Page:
|Physical description||Bronze, cardboard|
|Place made||United Kingdom|
First World War, 1914-1918
Next of kin plaque : Private William Fox, 30th Battalion AIF
Bronze next of kin plaque, showing on the obverse, Britannia holding a laurel wreath, the British lion, dolphins, a spray of oak leaves and the words 'HE DIED FOR FREEDOM AND HONOUR' around the edge. Beneath the main figures, the British lion defeats the German eagle. The initials 'ECP', for the designer Edward Carter Preston appear above the lion's right forepaw. A raised rectangle above the lion's head bears the name 'WILLIAM FOX'.
Born in Kelso, Scotland in 1882, William Fox had served for 12 years in the Royal Marine Light Infantry before he emigrated to Sydney in 1909, together with two of his siblings. Fox enlisted in the AIF on 18 July 1915 describing himself a labourer, when he was in fact employed as an ammunition worker at Spectacle Island in Sydney Harbour, supplying ammunition for the navy.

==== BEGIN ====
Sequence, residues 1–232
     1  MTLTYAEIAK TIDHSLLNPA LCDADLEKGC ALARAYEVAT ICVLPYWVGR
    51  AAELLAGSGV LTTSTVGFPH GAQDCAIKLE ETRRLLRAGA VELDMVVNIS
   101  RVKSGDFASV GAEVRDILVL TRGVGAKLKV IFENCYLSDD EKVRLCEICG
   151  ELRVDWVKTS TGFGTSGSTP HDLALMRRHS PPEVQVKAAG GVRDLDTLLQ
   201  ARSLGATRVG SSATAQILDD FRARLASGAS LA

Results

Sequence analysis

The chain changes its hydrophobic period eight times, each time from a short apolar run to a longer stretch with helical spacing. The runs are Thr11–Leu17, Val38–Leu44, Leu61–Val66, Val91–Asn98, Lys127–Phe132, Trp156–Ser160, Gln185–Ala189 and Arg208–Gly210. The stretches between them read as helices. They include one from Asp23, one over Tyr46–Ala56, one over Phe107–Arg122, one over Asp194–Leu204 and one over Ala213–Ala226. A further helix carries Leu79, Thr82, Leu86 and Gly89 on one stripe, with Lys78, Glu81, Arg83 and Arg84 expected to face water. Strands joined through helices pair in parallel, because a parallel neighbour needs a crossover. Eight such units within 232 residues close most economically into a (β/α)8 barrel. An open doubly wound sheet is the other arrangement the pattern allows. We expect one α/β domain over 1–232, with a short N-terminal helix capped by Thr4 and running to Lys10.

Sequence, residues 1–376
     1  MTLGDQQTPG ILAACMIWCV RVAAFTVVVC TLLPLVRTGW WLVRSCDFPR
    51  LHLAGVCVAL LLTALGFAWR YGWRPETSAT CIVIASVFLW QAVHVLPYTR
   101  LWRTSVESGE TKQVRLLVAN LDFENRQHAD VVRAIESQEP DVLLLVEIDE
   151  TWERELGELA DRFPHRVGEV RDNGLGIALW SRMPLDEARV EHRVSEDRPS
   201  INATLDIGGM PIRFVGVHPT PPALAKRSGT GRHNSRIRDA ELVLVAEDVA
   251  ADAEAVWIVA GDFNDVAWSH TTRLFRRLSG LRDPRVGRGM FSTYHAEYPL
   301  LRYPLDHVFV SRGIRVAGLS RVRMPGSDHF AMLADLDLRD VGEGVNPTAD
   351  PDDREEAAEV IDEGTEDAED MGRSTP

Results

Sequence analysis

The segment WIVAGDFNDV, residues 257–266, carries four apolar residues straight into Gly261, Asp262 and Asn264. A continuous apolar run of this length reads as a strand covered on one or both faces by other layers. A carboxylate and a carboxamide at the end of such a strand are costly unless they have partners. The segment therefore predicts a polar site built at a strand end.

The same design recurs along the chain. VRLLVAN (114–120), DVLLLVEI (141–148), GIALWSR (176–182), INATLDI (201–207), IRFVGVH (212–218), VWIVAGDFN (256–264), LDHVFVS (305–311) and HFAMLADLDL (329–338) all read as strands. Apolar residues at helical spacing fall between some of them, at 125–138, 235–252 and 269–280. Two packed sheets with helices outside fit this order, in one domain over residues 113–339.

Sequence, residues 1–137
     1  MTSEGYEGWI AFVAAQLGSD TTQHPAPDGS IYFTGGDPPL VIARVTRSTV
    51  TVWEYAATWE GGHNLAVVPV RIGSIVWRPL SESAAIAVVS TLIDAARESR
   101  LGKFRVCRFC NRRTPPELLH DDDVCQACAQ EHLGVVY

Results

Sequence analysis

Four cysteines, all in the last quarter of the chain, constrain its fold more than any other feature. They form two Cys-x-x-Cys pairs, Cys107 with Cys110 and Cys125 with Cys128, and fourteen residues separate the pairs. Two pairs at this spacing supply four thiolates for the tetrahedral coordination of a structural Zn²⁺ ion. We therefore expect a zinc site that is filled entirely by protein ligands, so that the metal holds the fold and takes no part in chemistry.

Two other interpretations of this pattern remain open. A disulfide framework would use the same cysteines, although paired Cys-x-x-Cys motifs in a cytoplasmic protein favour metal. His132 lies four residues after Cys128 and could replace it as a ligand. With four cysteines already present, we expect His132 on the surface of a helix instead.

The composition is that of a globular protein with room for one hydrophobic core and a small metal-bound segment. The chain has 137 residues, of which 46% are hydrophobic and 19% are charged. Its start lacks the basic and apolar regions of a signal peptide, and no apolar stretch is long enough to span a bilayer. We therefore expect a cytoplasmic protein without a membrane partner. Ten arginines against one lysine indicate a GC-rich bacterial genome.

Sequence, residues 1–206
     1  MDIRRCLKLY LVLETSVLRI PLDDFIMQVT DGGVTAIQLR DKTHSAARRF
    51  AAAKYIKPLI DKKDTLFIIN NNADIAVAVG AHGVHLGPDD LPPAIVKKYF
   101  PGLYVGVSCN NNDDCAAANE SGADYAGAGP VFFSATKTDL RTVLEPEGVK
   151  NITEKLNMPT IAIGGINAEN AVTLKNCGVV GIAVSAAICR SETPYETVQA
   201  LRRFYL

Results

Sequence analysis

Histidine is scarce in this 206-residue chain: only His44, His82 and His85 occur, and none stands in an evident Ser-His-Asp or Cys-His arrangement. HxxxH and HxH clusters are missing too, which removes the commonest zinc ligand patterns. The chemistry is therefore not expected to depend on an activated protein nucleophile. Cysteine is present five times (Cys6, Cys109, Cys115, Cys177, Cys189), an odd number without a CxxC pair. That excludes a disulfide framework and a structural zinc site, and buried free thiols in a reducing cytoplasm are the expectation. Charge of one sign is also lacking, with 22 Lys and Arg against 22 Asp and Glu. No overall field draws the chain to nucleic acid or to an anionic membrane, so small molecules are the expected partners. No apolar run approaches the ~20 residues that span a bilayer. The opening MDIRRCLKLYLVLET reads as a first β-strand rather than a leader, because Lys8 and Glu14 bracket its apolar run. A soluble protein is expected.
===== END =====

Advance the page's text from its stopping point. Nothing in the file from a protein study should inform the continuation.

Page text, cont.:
After initial training Fox was posted a private, service number 579, to C Company of the newly raised 30th Battalion. The battalion sailed from Sydney on 9 November aboard HMAT A72 Beltana. After training in Egypt the unit arrived in France for service on the Western Front in June 1916. Fox was promoted sergeant at the beginning of August but was reduced to the rank of private the following January after a drunken episode. He was killed in action At Abeele near Poperinghe, Belgium on 19 September, aged 35. Fox's body was not recovered for burial in a military cemetery after the war and his name is commemorated on the Menin Gate Memorial at Ypres.
This plaque was sent to his brother, Robert, who had served in the Royal Australian Navy during the war, in October 1922.